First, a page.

All photos: Gawker/Ashley Feinberg

Reader, I went to Philadelphia to find the Bernie Bros. Instead, I found myself.

As I made my way into Philly early last week, still exhausted from covering the RNC the week before, I was desperate for inspiration. Holding the conventions back-to-back, I discovered, is unbelievably cruel to journalists. I’d used up all my more general convention-related ideas back at the RNC, and worried I’d been spending the week writing without any purpose at all.

Until, as if by divine providence, a Guy Fieri look-alike wearing a World Series of Poker t-shirt and Bernie pin puffed on his e-cig and blew a vape cloud straight into my heart. He would be my muse.

The plan: Throughout the course of my coverage, I’d spend the entire week spending time with and photographing the most elaborately decked out Bernie Bros the DNC could produce. There was already a pro-Bernie protest in full swing and the convention had barely even begun. Surely this would be easy, but more importantly, this would be fun.

The epistemologically questionable Bernie Bros are a cheap target, of course. Whether or not they really are aggressively online harassers driven primarily by sexism, whether they are a statistically significant portion of Sanders supporters, whether they actually exist in any of the other ways they are said to is beside the point. The idea of the Bernie Bro has become such a caricature of itself that the reality no longer matters. Just like Jesus or L. Ron Hubbard, the mythology surrounding the Bernie Bro has outstripped the banal or unknowable reality, coloring how we view anything that seems even tangentially related.

Which is why, when I walked into the sweaty mass of people jostling each other for more oxygen and air time, I thought I knew exactly who I was dealing with. These were privileged, white, male youths who couldn’t take a little disappointment without causing a scene. As a Sanders supporter myself, I still looked upon them with disdain—these were the bad ones. Then I talked to them.

I listened to one 20-something decked out in Bernie apparel tell me that, come November, he would be voting for Clinton: “I’m not an idiot. She’s not my first choice obviously, but she’s still worlds better than Donald Trump.”

Another told me about how he’d be voting for Jill Stein in November, but only because he lives in Texas. “If I lived in a swing state, I’d feel obligated to vote Democrat. But since my vote doesn’t matter either way, I might as well use it to make a statement.”

The only people I found to be unreasonable—or at the very least, unwilling to have an actual discussion—were mostly older women who, for whatever reason, really hate Hillary Clinton. I asked the women in the photo above who they’d be voting for come November.

“Never Hillary.”

“Does that mean you’re voting for Trump?” I asked.

“Never Hillary.”

That’s as far as they were willing to go.

Unlike, say, this guy:

He, too, is planning to vote for Hillary come November, though he was reluctant to get the actual words out. He’d still prefer a Jill Stein presidency over a Clinton one, of course, but he’s also “a reasonable person.” He cited all the hard work Bernie and his supporters have done to push the Democratic platform left as his main motivator. If Hillary doesn’t win, all that passionate campaigning will have been for naught. “At least it’s something,” he added.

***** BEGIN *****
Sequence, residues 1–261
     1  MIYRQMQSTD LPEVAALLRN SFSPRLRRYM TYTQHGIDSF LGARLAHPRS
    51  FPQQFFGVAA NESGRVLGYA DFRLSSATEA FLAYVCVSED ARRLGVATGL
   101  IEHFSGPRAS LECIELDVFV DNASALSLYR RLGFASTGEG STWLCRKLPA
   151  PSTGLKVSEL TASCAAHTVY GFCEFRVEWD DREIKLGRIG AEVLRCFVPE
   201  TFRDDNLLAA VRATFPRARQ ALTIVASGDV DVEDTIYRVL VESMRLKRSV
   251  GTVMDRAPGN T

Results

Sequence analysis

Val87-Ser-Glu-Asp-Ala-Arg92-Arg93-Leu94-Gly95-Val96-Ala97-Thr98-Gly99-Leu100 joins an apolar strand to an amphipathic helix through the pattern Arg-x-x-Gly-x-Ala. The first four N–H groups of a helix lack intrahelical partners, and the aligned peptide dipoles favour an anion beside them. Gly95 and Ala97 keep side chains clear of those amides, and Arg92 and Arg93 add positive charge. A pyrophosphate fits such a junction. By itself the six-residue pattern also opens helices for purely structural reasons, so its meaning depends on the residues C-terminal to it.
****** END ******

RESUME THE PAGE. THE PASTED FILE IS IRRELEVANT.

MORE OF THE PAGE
Which is why, the next day, as delegates officially cast their votes and picked Hillary as the nominee, I had a harder time finding entertainment value in the weeping of the Bernie bros than I might have otherwise. Painting devastated Bernie voters as overdramatic crybabies would certainly have been a neat and convenient way to wrap up the Bro saga—and plenty of outlets did just that. Which is fine! God knows Gawker has gleefully covered all manner of tantrums with the best of them. But at the DNC, I found myself face to face with what these kids were actually feeling, and it wasn’t easy to mock.

The Bernie Bros I met, by the way, did largely consist of kids. The people screaming in the street and weeping in the arena ranged in age from about 18 to about 28. For most of them, this was probably the first election where they were able both to vote and to feel genuinely excited about a candidate who they believed might actually be able to make a positive difference in their lives. They let themselves care about something—a lot. Of course they were upset when that spring of hope ran dry.

Early in the week, I spotted a kid in a Star Wars-themed Bernie t-shirt which read, “Help us Bernie Sanders. You’re our only hope.” He was so mock-able! But how could I? What if Bernie really was his only hope? I would not be the one to quash the spirit of a young man who found something larger than himself to care about, who sought only to help bring about a better future for his both his and future generations, and who found himself swept up in a movement that briefly seemed poised to transform the country before it unceremoniously petered out. There’s nothing risible in having fought for something decent, losing, and feeling grief.

I still think it’s OK to make fun of the bad shirts though.